Does Data Journalism help democracy?

I’m writing a book chapter on data journalism (I know, who isn’t these days) which I’ll share more of when it makes sense! But one of the areas that is giving me real pause for thought at the moment is the question of how much data journalism contributes to the democratic process.

Data journalism is fast becoming a motif for a range of challenges and opportunities in journalism; Data journalism is about integration of new technology and skills; It’s about (re)discovering a role for journalism in a changing media landscape; it’s about industries capacity to save itself.

But more often than not, the general consensus is that it’s about the reinvigoration of journalism as part of the fourth estate. In fact really well known and kind of cool people tell us that’s what it needs to be.

The shot in the arm data has given to investigative and political reporting coupled with a willingness not only to participate in but campaign for a transparent and open data culture would seem to answer the question straight off the bat. Look at MP’s expenses, look at wikileaks.

The powerful claim to operate in a new and open way (open government and all that) and data is their proof and so we, armed with the new tools to understand that data continue in our duty to hold them to account. Good data journalism goes a stage further and makes data available, in context, to the ‘public’. Not only does that make for great engagement and better journalism but we give the audience the tools with which to fully understand and so participate in the democratic process. Job done!

Or is it? Whilst it’s holding the accountable to account, is the process of data journalism really producing ‘tools’ that people can use in the democratic process?

Does making a spreadsheet available to users really democratise information? Does making something searchable by postcode really make it more useful on the ground? Isn’t it just creating a small, equally uncountable, data elite? Is it really just a good way to reposition (consolidate) journalism as gatekeepers?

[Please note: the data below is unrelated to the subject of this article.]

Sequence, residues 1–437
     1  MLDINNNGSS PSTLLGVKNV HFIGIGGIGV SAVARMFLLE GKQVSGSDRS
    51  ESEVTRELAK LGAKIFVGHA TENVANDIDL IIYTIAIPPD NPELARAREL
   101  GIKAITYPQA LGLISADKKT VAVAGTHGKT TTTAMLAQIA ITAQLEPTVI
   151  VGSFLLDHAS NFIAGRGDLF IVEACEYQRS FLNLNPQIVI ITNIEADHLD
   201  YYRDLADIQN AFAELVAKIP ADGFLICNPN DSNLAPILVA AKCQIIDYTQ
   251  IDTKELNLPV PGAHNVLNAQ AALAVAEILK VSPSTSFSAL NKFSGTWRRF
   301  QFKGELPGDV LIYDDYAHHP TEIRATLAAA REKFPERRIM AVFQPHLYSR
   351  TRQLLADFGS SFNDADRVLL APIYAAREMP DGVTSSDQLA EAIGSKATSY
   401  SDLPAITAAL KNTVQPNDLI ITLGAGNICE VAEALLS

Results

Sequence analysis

Part of this is wondering what tools people really need to be part of a democracy. Does the general disaffection with the political process (in the UK anyway) mean that the majority of data journalism, which focusses on the business of government and big institutions (often because that’s where you can get the data), already lacks relevance ? Is the dependence on online technologies for processing, distribution and presentation of this stuff really helpful in an environment where technical literacy in these areas a problem?

Accountability or utility. What’s data journalism really about?

 

 

3 thoughts on “Does Data Journalism help democracy?”

  1. This reminds me of the discussions around social media democratising [insert your choice of issue here].

    In that case there often seemed to be two understandings of the term ‘democratising’. On the one hand, people who understood it to mean ‘giving a voice to all’ would moan ‘Not everyone in on social media/uses the internet’.

    On the other hand, people who understood it to mean ‘giving a voice to more’ (strictly speaking enfranchisement) would say ‘It gives a voice to people who previously didn’t have one’.

    So, data journalism. Yes, there is a ‘data elite’ just as there was a social media elite. But that ‘elite’ is still a larger body of people than previously could use this stuff. On that basis I would argue that data journalism is enfranchising.

    It may yet follow the same trajectory as access to social media, but the key thing is the point we’re starting from, where any improvement in literacy (numeracy) and factchecking (a newly popular genre!) is to be welcomed.

    1. Thanks for the comment Paul.

      I’m not sure that comparing data journalism and social media works in this context. Social media strikes me more as an environment and digital journalism a process; a response to a the big data environment. Perhaps participatory journalism, as a response to engaging with social media, would be a better comparison.

      Still like social media, data journalism is as much a motif for a lot of different debates in journalism and in that respect I know it’s a bit unfair to hang the whole democracy thing on it.

      I see what you’re saying about the balance between a voice for all and a voice for more but the idea of enfranchisement is one that makes me a bit uncomfortable. Just exactly is bestowing the franchise? Is it the media? I don’t think that’s an abstract thing in the case of data journalism. Enfranchisement is not a simply an automatic consequence. By enfranchising some do we disenfranchise others?

      None of this is necessarily a criticism. If data journalism is a cog in part in the engine of democratic process than so be it but I think it stands a little reflection beyond measuring its immediate successes. Surly that’s only half the data :-)

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